Read the latest Philadelphia-area coronavirus updates here
Southeastern Pennsylvania will almost certainly “be among the last places” in the commonwealth to see an easing of business closures and social distancing orders, Gov. Tom Wolf said Thursday, the day after unveiling a color-coded system for the state’s phased reopening that will allow counties less affected by the coronavirus to begin restarting as early as May 8.
Philadelphia is “not close” to reaching the first phase of reopening, which is coded yellow and would allow the easing of some restrictions, local officials said, and the region’s leaders were unsure whether they would be treated as a bloc or whether counties could reopen at different times.
Plus, the PLCB will now open nearly all of it’s 600 stores for curbside pick up after an overhaul of their ordering systems.
Woman arrested for allegedly spitting in two people’s faces while shopping in Di Bruno Bros.
A woman who police say spit in the faces of two people at Di Bruno Bros. market in Center City over the weekend has been arrested.
Jacqueline McBride, 27, was charged with simple assault, terroristic threats, and harassment, police said Thursday. Authorities said she spit at a store employee on Saturday and at a customer on Sunday.
“I think the cops did a great job responding so quickly,” said Alexis Danilo, one of the victims. “I’m just happy she’s not going to do it to anybody else."
The incident began while Danilo was waiting in line to enter the market when a woman approached her and got very close, breaking the six-foot social distancing rule. Danilo took a few steps back, she said, which angered the woman.
“She got really upset by that, and then she said, ‘B—, I don’t have the disease,’” recalled Danilo, 36.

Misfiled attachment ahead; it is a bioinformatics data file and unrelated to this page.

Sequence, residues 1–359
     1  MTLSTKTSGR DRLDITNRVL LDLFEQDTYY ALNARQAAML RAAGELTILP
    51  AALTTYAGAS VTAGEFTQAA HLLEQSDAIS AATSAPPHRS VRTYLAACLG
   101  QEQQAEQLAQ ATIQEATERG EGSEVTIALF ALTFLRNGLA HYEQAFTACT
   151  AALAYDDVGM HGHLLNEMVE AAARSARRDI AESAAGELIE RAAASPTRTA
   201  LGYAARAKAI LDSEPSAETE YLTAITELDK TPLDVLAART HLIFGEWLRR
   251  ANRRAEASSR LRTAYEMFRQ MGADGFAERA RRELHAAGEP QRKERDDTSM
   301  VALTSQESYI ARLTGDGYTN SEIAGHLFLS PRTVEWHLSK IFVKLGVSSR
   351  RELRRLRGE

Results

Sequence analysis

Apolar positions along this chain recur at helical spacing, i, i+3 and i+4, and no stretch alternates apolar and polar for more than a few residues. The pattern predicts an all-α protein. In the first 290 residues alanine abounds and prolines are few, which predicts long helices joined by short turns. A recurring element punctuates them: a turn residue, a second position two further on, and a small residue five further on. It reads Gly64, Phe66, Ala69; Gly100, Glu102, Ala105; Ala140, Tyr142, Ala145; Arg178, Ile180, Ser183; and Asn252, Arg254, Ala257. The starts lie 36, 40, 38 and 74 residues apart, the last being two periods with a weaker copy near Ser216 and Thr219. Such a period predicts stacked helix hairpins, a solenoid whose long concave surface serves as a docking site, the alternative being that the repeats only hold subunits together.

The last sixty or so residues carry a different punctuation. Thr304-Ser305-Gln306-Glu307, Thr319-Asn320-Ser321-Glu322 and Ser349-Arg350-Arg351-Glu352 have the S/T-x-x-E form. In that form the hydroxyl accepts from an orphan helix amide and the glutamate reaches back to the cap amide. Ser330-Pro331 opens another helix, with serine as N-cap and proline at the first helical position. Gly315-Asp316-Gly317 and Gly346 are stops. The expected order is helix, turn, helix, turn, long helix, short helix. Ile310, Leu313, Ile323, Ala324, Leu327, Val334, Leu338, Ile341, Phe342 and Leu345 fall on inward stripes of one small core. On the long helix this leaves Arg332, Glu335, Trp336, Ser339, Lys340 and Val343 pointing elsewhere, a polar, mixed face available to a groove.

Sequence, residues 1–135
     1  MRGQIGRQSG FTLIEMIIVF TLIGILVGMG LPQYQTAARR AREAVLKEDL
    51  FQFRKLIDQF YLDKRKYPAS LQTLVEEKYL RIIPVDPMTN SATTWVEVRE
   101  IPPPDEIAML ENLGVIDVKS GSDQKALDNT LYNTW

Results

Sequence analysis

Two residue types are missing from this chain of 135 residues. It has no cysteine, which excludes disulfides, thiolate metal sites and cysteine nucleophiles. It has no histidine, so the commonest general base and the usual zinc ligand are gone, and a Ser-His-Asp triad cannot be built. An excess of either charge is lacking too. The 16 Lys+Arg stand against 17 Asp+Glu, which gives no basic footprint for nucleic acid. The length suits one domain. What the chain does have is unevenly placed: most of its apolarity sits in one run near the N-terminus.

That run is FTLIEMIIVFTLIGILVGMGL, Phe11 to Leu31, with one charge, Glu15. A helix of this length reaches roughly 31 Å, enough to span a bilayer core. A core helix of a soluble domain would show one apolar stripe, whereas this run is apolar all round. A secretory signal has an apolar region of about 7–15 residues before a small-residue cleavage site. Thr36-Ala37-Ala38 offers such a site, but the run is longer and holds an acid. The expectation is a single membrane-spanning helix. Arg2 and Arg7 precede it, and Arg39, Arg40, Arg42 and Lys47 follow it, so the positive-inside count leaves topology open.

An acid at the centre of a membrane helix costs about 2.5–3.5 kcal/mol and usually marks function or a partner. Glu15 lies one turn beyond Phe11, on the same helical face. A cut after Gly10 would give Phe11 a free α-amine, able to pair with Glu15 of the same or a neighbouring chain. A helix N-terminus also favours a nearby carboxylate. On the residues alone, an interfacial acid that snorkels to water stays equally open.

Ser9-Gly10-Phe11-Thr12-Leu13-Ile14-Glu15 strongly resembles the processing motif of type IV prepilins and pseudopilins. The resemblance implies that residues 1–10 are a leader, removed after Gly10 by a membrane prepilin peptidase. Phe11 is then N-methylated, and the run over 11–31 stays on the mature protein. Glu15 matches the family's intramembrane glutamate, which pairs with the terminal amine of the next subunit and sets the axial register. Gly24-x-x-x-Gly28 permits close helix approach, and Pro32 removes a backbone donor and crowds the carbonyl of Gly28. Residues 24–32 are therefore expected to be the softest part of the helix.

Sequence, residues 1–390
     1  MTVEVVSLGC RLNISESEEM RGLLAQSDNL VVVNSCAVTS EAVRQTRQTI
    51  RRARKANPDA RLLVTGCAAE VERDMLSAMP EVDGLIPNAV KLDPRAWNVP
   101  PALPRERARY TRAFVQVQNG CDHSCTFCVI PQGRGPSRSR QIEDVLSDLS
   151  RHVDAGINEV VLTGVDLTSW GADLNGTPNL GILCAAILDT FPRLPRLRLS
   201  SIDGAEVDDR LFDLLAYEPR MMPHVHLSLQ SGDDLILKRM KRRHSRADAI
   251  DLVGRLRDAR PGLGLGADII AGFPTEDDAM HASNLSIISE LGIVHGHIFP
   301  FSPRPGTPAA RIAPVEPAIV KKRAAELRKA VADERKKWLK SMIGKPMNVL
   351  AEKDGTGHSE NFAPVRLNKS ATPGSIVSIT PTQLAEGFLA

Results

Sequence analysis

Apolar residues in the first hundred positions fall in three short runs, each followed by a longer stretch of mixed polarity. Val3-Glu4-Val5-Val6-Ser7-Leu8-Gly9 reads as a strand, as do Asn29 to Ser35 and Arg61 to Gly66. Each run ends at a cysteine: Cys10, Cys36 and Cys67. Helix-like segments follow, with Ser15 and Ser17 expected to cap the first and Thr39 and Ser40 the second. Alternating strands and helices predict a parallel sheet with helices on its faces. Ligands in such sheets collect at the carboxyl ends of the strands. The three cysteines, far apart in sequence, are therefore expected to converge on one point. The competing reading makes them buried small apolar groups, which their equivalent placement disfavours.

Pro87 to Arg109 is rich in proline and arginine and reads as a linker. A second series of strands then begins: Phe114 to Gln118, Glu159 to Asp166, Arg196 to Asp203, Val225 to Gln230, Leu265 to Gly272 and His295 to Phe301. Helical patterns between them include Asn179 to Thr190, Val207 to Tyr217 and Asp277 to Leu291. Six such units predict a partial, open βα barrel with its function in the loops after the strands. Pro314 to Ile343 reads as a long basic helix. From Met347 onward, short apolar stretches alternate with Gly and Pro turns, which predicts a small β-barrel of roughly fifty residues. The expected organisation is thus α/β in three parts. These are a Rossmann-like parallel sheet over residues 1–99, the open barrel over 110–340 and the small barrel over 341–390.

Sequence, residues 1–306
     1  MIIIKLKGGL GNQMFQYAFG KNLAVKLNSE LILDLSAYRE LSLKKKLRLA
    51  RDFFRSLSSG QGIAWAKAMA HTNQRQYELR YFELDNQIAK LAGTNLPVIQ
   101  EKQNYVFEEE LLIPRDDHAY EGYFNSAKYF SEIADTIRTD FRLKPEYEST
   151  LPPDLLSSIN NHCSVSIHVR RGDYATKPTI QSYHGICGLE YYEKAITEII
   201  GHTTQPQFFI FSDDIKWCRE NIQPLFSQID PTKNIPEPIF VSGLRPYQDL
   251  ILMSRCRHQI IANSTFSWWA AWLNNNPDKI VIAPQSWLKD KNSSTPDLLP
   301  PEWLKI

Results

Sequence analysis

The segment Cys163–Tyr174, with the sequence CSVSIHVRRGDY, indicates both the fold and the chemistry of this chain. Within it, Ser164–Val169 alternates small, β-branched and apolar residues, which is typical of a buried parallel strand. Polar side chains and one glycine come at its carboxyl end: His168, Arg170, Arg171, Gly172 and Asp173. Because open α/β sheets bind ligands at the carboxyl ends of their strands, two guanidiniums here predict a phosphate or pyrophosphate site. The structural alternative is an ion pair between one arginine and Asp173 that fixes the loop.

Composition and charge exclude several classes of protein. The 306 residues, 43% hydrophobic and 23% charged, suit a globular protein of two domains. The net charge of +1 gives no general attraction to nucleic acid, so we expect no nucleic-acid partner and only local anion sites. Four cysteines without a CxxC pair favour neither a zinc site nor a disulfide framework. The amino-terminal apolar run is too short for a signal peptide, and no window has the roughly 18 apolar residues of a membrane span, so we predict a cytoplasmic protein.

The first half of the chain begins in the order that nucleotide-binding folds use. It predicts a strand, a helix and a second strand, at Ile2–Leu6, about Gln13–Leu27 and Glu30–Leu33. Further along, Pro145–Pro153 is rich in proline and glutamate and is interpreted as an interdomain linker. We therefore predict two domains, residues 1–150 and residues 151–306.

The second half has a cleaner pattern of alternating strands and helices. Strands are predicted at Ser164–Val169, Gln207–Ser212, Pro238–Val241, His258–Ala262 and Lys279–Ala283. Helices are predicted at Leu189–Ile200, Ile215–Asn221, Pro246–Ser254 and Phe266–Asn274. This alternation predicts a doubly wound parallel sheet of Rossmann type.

Penn State to freeze tuition in response to pandemic
Pennsylvania State University plans a tuition freeze for all students next year in response to the coronavirus, President Eric Barron said Thursday.
The move is subject to approval by the board of trustees, he said. It would be the third-consecutive year that tuition was frozen university-wide for Pennsylvania residents. At the main campus, the tuition rate for undergraduates who are full-time, lower-division, and in-state is $8,708 per semester or $17,416 annually.
The freeze for next year also applies to students who are out-of-state residents.
Barron also announced a series of measures to deal with a worsening revenue picture, fueled by likely decline in enrollment and less state funding. The university has lost about $100 million since March and anticipates a $160 million revenue loss in next year’s budget, he said.
The university announced that employees whose jobs are not needed during the virus will take a 50% pay cut from May 4 to June 30. Barron previously pledged to pay all employees through April 40.
“Unfortunately because of COVID-19, we have had to cancel events; our hotels are empty, as are the majority of our residence halls; and our food services operation has been idled," Barron said.
About 2,000 employees are impacted, a university spokesman said. The university also will institute a 3 percent cut on education and general fund budgets for 2020-21. Some capital projects also will be delayed, saving $60 million, he said.
Philly schools face $1 billion hole over 5 years as Kenney administration asks departments to cut budgets by 20%
The financial impact of the coronavirus pandemic on Philadelphia could include budget cuts of as much as 20% to city departments — including cuts in staffing and services — and a $1 billion budget hole for the school district over the next five years, officials warned Thursday.
The Philadelphia School District is now projecting a $38 million deficit for its 2020-21 budget, CFO Uri Monson said Thursday. The estimates represented a stark contrast to a prior projected fund balance of $167 million for 2021.